Fixing the highest-value stage in the System Development Life Cycle

 

White Paper Extract

The later in the system development life-cycle that major errors are discovered the more expensive it is to fix them: defects found in released software are 80 times more expensive to fix than defects found in the specification stage[i]. But the earliest stages of the systems development life cycle (SDLC) are most often the least consistently executed. “Defining Project Scope” and “Eliciting Requirements” are, in the terms of the Capability Maturity Model Integration (CMMI)[ii], neither repeatable, defined, nor managed well, let alone optimized.

This paper describes a methodology that brings the early stages of the SDLC up to a high level of maturity: consistent, proven, and optimized for success. This drastically reduces the downstream problems that plague many IT projects, and substantially enhances the predictability of cost and timelines. The larger the project, the higher the risk, therefore a sound business and software elicitation and definition methodology is an essential element in the selection of an ERP system, or in contemplating an enterprise-class application.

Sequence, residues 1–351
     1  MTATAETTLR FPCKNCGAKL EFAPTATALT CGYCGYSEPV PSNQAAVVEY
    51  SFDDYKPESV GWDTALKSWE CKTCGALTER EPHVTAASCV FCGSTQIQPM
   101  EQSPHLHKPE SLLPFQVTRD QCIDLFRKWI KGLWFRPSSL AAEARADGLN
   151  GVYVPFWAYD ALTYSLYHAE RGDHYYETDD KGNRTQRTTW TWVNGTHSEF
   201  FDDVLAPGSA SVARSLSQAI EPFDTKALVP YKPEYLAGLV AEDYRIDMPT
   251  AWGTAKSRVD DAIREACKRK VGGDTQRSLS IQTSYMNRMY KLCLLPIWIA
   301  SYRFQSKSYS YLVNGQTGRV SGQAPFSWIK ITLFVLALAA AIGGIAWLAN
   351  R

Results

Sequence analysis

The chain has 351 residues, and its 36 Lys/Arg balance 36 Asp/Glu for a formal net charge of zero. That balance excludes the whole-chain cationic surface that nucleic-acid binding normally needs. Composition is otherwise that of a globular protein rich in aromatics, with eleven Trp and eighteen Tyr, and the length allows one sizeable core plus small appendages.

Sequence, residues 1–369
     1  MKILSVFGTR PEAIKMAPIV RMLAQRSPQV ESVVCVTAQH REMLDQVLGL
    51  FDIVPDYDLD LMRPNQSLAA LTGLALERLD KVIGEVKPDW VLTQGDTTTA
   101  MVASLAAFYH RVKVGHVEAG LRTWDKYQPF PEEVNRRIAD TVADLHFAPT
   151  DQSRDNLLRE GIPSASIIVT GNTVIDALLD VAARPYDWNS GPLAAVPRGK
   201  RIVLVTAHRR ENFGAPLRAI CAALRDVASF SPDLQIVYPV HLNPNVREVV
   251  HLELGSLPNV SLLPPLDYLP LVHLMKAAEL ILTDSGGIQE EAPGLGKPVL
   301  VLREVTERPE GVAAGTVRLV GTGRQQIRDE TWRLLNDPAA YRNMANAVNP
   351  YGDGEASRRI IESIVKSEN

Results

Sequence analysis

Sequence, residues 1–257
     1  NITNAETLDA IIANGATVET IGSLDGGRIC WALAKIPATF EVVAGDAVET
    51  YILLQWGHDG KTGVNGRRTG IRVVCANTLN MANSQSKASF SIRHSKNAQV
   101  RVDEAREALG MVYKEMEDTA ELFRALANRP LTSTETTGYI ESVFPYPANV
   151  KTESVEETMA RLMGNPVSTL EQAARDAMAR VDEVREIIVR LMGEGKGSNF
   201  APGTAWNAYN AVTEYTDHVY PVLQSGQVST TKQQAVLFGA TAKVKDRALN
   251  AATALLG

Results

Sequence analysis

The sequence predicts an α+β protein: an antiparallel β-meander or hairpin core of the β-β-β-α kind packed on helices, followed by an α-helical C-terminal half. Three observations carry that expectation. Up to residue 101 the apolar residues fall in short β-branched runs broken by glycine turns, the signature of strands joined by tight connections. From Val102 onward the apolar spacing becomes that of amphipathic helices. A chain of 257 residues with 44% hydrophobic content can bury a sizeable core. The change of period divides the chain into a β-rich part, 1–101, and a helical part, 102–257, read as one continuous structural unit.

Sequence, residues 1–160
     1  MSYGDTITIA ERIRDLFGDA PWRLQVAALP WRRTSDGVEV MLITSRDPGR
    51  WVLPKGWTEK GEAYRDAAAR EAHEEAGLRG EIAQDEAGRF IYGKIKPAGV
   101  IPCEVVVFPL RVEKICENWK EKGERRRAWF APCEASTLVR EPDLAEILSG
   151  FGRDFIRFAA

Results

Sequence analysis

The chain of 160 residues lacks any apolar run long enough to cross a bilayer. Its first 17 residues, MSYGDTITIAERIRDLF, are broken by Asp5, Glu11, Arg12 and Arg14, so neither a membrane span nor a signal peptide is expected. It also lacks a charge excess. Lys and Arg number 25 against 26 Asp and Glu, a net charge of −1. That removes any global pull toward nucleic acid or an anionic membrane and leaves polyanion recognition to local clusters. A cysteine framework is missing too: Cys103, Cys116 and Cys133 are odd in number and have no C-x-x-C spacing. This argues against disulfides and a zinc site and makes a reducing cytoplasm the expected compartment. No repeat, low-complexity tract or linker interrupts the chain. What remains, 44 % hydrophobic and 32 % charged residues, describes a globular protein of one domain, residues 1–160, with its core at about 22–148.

The methodology focuses on two intertwined steps, defining project scope, and eliciting requirements, solving the problems that account for 98% of the errors in these two stages[iii]:

·         How do you know if the requirements are complete?

·         How do you know if the requirements have been correctly and unambiguously identified?

This paper provides the answer to these questions, and how to get this answer this in a highly compressed timetable, putting a project on a stable foundation, and engaging stakeholders to secure their buy-in and enthusiasm.

 

 

To download the full 9-page whitepaper visit http://www.iag.biz/register.html   

 


[i] Doolan, E.P., (1992) Experience with Fagan’s Inspection Method, Software Practice and Experience (Vol. 22(2)

[ii] Capability Maturity Model and CMM are service marks of Carnegie Mellon University

[iii] Standish Group, (1995) CHAOS Report

 

 

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